After that, we went back to Les Capricornes a.k.a The Triangle on account of the shape of the land, to get some further pictures – since French estate agents don’t care for Ann Maurice, thinking ‘if you can’t see the potential yourself, then knob off!’ Ann Maurice wouldn’t be a popular lady in France, on account of the fact that most ‘vielles maisons’ seem to be sold in a complete state of disrepair. Madame’s daughters (in their sixties, no less, just in case you were imagining some youthful french ladies) were just my type. They’d brewed some good strong coffee, got two cakes and were chatty and really friendly. They liked my prenom and kept saying “Emma-Jane!” with delight, though I pointed out that only my grandmother calls me this! We joked about English traffic, and were bewildered by the notion they still held that London is constantly held in a pea-souper of a fog, like Victorian London might have been. I blame Ladybird books. I had the same notion until I was about seven, on account of a Ladybird book about England.

Then Brenda, La Belle-Mere, my father and I took a wander about the snowy grounds. Everything we saw delighted us further. Grapevines. An orchard. A polytunnel. Several sheds. Several lean-tos. A barn I’d forgotten about. A cabin for Jake. A forge!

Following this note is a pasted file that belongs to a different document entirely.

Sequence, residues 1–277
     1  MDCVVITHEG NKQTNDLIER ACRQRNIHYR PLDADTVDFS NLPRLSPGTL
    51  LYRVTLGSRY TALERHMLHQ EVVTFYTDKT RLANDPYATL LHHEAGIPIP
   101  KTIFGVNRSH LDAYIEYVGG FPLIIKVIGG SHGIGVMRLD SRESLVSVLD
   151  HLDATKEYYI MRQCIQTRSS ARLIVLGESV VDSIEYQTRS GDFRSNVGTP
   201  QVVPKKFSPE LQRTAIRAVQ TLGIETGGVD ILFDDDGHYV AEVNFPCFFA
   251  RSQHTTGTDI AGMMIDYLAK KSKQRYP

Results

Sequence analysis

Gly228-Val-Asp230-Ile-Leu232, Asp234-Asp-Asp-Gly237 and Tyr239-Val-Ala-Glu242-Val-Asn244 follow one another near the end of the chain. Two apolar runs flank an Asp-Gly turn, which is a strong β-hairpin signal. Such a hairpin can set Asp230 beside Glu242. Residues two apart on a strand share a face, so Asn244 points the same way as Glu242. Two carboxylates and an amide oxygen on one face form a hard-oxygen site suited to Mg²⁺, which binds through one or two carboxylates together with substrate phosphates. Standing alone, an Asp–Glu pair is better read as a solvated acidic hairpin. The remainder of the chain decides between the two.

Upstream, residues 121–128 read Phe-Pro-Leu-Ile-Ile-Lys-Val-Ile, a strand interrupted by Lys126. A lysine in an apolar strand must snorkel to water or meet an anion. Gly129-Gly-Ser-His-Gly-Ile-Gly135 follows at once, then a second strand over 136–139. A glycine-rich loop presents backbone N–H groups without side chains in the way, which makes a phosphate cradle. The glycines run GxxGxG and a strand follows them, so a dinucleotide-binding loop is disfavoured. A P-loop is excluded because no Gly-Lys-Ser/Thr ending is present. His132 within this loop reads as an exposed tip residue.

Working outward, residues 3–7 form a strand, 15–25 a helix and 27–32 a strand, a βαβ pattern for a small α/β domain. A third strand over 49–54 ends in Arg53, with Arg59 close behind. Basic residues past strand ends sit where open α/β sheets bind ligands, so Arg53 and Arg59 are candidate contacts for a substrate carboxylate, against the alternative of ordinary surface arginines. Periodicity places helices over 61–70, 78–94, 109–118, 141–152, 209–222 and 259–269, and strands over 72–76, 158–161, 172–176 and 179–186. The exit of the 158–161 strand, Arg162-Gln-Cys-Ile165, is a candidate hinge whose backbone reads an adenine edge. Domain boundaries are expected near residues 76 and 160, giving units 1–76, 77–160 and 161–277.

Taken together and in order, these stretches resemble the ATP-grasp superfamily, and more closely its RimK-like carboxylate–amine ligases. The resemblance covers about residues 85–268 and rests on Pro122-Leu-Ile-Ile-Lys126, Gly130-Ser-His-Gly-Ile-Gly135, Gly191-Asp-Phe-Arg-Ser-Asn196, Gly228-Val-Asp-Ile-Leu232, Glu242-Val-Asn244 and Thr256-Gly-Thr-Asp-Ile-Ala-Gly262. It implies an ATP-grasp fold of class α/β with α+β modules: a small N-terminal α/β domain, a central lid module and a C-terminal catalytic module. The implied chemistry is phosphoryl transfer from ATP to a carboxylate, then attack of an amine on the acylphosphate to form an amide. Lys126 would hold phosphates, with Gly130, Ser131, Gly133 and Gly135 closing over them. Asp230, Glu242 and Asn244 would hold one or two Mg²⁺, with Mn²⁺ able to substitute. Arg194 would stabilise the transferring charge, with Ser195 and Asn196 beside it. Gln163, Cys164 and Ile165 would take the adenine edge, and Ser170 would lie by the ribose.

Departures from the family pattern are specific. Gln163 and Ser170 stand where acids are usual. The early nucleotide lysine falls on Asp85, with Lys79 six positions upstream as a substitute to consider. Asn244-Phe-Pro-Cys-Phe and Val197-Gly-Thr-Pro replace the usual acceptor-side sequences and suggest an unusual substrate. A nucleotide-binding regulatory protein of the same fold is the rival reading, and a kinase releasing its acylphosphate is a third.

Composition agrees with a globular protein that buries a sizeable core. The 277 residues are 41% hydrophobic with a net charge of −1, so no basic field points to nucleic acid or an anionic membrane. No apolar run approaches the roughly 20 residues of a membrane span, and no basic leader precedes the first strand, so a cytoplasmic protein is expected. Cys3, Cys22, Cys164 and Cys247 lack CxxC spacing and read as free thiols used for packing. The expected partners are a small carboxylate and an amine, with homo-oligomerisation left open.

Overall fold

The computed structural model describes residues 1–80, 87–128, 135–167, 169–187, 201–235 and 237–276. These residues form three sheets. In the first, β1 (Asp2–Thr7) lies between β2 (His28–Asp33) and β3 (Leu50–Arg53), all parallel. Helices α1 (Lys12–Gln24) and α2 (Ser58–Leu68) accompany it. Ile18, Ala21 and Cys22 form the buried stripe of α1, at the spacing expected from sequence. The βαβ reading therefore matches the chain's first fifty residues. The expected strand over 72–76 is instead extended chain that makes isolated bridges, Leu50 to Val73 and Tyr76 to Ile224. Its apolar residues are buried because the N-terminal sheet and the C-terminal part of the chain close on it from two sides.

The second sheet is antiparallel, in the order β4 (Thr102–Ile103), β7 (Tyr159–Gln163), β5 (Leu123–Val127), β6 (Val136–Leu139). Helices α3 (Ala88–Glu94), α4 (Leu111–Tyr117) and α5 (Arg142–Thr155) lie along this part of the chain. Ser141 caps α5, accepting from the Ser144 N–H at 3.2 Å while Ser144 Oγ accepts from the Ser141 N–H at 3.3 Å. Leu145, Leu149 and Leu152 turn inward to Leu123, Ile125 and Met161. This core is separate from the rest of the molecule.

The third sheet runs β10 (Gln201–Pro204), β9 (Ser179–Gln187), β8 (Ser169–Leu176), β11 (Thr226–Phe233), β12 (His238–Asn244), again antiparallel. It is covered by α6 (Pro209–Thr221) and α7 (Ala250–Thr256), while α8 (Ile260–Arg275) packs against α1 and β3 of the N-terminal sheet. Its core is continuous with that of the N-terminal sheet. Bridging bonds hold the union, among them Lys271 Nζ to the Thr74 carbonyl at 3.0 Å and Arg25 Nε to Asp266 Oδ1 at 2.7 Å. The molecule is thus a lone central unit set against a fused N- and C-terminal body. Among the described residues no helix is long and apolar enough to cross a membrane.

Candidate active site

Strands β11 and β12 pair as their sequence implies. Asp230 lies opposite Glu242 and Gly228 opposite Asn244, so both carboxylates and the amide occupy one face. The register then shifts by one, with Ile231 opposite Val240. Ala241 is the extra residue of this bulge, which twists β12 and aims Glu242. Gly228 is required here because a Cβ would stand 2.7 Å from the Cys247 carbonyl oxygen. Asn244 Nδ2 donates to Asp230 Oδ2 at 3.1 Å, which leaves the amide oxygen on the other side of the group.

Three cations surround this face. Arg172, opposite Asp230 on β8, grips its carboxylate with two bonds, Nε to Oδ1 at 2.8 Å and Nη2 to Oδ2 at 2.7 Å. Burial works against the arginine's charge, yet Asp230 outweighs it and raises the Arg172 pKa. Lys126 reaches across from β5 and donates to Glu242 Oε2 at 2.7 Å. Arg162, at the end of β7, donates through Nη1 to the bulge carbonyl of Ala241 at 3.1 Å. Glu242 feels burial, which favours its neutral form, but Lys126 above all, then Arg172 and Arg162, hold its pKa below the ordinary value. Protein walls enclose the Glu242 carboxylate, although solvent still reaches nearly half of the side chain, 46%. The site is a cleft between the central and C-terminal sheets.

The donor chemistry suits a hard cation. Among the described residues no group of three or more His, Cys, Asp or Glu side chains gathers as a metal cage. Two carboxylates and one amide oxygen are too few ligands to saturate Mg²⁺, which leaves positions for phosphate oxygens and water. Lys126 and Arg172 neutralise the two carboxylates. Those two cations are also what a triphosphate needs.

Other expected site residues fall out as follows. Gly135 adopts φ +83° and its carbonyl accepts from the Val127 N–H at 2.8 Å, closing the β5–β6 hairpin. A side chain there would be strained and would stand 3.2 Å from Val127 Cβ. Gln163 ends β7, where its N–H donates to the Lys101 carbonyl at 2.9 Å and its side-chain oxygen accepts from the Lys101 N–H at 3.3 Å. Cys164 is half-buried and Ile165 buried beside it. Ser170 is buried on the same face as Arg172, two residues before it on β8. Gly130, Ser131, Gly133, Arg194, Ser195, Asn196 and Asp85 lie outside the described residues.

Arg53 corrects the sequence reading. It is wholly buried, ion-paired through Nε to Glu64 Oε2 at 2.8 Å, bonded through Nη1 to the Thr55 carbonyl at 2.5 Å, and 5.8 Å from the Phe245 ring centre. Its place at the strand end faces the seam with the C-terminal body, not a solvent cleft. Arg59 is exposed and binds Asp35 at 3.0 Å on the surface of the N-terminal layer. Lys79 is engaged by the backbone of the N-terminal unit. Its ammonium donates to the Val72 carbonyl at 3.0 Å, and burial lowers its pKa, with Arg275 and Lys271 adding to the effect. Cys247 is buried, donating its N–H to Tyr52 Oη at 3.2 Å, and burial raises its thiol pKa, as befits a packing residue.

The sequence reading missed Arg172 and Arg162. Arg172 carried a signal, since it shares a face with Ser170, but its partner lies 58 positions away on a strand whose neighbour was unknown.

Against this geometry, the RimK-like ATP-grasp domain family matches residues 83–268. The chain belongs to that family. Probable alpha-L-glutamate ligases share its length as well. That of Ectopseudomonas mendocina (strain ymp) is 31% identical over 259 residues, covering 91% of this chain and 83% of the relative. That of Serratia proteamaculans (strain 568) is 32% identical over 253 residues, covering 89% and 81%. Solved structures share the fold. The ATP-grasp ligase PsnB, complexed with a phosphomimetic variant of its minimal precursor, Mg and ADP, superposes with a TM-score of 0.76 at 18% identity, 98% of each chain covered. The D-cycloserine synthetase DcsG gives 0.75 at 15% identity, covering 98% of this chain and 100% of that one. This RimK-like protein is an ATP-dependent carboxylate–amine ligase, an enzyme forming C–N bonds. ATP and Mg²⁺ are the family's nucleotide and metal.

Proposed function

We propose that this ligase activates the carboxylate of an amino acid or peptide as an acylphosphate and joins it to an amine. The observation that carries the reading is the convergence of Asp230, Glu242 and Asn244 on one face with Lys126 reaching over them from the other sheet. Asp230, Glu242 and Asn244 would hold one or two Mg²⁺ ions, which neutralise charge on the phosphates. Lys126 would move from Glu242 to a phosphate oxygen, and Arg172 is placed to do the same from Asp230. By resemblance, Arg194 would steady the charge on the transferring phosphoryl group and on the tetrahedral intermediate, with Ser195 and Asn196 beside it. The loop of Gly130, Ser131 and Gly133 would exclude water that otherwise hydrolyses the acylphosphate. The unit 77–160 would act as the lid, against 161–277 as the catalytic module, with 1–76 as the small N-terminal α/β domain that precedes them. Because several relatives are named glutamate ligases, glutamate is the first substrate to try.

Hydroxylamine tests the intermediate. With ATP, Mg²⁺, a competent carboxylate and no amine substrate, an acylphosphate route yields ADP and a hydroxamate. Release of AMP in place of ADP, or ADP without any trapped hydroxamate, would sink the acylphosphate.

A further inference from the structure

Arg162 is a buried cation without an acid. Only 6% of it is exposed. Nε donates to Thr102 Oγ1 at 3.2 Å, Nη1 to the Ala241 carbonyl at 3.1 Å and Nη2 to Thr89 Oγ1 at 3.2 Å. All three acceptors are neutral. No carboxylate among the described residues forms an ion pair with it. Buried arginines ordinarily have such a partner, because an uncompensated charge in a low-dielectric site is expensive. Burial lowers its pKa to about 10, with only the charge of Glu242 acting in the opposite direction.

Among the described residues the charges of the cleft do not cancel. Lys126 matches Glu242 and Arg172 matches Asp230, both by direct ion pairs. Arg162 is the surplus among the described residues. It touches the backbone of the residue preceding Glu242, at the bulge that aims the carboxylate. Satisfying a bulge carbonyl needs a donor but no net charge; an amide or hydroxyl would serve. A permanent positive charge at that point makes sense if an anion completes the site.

I hadn’t seen the forge before, and yet when my father pointed it out, you can hear my tone of disbelief on the video I was recording.

“A forge??!”

Steve would love this. He hasn’t yet seen inside, and I know – I just know – that he can’t possibly imagine how wonderful it is yet. A forge. He’ll be made up! A wood-work workshop, a metal-work workshop, a barn, a hangar, a tractor, the land, the vines, the cave, it was all just a little too much to take in.

And yet, when I lay in bed, late that night, tucked up against the snow, I was possessed by a terrible fear. What the hell were we doing??! I know little about farming, except for a couple of weeks in my youth when I visited my maternal family’s smallholding in Stow. Steve and I are city babies, grey through and through. We’re English and we’re city babies, with a confused child who doesn’t know whether to be excited or terrified. Would my house sell? Would we get out of the country alive? It was all a little too much. And yet, that vision of Steve’s face when he sees the forge. It’ll all be worth it! I started to imagine the curtains, the living room, the kitchen I’d have… and it more than made up for the worries and the doubts.